The pastas and grills are less reliable, alas. Penne with Gorgonzola-enriched cream and ham is lovely, and fusilli tossed with herbs and fried bread cubes in tomato sauce has a certain appeal, but yellow and green tagliatelle are undistinguished in a porcini-d Bolognese sauce, and linguine with garlic seems timidly garlicked and very oily. One evening, the swordfish is thick and juicy, luscious in its lemon-parsley butter, and the zucchini torta is a stunning, crisply crumbed little “soufflé.” On a second outing, the same fish is thin and tastes less than fresh, the torta soggy with an off-taste of spoiled garlic. Best of the grills: juicy lemon-marinated chicken, or lamb with a salt olive pesto (I taste only olive, no hint of basil). Braised ribs are spicy, sausages a bit toughened by the grill.
At lunch, beautiful vegetables float in a wimpy broth as the soup of the day, but a sandwich as simple as soppressata with capers, red onion, and dressed salad greens is superlative, thanks to real tomato taste and spectacularly good bread.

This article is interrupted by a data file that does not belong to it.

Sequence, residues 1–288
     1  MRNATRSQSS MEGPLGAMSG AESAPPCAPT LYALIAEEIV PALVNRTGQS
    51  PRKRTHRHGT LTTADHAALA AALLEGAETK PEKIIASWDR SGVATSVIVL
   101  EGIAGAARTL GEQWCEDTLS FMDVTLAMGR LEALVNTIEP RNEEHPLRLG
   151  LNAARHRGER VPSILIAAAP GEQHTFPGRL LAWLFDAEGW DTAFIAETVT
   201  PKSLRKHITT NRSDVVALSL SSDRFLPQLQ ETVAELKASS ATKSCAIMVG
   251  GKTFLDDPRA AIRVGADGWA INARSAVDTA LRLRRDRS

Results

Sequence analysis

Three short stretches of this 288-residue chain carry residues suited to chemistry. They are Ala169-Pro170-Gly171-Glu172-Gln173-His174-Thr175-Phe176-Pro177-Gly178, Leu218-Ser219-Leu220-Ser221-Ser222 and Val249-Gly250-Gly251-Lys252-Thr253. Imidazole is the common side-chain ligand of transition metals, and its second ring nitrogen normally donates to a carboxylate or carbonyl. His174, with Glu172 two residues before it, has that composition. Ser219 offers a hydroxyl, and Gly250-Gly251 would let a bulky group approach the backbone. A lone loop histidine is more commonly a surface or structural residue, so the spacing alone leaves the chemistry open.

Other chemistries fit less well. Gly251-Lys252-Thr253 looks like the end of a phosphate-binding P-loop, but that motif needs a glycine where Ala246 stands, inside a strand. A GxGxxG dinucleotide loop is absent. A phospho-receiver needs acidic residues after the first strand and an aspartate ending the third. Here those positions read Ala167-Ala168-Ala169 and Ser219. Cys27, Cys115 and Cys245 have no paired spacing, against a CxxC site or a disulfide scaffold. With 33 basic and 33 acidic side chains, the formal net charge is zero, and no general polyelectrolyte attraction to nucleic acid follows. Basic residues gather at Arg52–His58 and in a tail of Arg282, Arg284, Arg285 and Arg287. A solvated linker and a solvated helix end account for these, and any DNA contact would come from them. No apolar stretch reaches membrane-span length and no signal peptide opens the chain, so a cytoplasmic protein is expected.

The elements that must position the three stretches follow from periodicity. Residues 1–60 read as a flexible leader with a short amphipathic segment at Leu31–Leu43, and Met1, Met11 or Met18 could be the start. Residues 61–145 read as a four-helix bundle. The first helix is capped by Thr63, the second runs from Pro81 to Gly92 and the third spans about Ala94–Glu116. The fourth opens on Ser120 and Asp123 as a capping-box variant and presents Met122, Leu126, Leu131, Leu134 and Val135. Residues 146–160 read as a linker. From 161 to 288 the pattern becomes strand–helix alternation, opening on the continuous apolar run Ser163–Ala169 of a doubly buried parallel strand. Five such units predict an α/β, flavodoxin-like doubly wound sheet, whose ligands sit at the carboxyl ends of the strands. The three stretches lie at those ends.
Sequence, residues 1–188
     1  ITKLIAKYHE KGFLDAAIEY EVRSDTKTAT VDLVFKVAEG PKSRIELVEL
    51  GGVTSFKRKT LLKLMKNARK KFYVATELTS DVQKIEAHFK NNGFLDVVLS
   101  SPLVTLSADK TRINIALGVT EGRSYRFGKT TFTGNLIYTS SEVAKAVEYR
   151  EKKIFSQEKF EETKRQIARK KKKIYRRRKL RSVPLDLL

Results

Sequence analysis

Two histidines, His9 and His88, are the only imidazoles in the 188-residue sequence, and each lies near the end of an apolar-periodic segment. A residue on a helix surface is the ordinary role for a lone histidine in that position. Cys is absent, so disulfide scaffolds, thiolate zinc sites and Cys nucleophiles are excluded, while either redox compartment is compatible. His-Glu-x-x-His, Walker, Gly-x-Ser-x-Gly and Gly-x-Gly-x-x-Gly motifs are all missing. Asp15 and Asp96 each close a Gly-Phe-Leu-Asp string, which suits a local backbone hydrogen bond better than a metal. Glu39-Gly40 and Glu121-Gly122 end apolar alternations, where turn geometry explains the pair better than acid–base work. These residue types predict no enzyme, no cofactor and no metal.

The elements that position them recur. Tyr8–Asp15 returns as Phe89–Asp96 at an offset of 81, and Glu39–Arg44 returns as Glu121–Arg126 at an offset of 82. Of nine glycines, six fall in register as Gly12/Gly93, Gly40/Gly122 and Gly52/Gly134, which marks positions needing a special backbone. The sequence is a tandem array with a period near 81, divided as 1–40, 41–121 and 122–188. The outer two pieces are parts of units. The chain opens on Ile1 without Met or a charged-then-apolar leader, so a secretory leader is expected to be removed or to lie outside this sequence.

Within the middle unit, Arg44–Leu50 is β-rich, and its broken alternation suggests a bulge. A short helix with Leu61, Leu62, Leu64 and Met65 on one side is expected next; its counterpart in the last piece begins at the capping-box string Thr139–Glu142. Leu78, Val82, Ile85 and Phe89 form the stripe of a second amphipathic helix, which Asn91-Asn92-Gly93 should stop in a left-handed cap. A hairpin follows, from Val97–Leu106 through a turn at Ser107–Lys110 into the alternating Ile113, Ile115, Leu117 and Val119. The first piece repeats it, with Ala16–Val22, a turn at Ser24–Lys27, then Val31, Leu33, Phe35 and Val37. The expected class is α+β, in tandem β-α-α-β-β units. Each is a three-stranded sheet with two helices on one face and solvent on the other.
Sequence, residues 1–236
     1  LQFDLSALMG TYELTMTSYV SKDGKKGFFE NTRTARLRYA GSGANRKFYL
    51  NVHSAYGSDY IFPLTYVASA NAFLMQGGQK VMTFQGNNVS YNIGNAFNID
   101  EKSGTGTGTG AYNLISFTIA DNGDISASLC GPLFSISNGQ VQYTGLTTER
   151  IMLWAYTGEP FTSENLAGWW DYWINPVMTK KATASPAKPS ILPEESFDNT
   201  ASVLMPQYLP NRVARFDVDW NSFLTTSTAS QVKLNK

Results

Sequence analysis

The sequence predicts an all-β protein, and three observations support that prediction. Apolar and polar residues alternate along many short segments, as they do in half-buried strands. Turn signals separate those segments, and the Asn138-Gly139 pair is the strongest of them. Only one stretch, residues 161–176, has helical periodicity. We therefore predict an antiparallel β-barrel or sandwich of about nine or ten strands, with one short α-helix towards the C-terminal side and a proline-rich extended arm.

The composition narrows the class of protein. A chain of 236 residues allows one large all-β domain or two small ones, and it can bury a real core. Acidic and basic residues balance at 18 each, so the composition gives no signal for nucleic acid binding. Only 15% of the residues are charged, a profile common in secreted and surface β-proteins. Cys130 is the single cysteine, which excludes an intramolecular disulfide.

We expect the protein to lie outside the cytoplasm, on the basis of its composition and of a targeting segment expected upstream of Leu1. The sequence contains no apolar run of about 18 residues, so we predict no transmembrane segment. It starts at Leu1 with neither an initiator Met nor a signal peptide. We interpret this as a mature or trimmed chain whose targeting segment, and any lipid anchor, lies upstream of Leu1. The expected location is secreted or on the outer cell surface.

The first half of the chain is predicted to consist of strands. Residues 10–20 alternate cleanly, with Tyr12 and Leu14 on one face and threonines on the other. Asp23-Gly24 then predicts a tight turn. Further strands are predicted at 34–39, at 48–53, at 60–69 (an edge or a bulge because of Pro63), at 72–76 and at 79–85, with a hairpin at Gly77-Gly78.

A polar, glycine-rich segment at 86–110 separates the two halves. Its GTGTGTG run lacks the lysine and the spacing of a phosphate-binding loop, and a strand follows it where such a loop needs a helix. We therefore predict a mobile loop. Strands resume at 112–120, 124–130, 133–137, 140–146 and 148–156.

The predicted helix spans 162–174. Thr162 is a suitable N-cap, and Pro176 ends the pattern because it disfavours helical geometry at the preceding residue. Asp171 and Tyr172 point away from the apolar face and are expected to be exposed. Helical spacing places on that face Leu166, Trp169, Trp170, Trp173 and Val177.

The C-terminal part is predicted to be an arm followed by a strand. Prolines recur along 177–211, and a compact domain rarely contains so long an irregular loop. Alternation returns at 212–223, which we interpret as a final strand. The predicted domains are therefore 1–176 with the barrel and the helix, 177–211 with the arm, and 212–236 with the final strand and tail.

Tarts here are homemade and primitive – super-sweet caramelized sugar pie with strawberries, rich sweetened mascarpone in pastry, berry-studded, too, and a clafouti that truly misses. Chocolate marquis on a puddle of raspberry sauce is smooth and intense. And chocolate cake is dark and moist but without much chocolate flavor. French vanilla, strawberry, and white-chocolate-studded chocolate ice cream from New York Ice make an aristocratic rendition of a combo kids used to call Neapolitan.
Pizzico’s staff has a nomadic cast, too – they seem to be earning the rent on the way to somewhere else. But for better or worse, personalities are not quite as unfettered as at Arizona.
Pizzico, 1445 First Avenue at 75th Street (737-3328). Lunch, Monday through Friday noon to 4 p.m.; dinner, Monday through Thursday 6 p.m. to 12:30 a.m., Fridays and Saturdays till 1:30 a.m., Sundays 5 to 11:30 p.m.; brunch, Saturdays and Sundays noon to 4 p.m. A.E., M.C., V.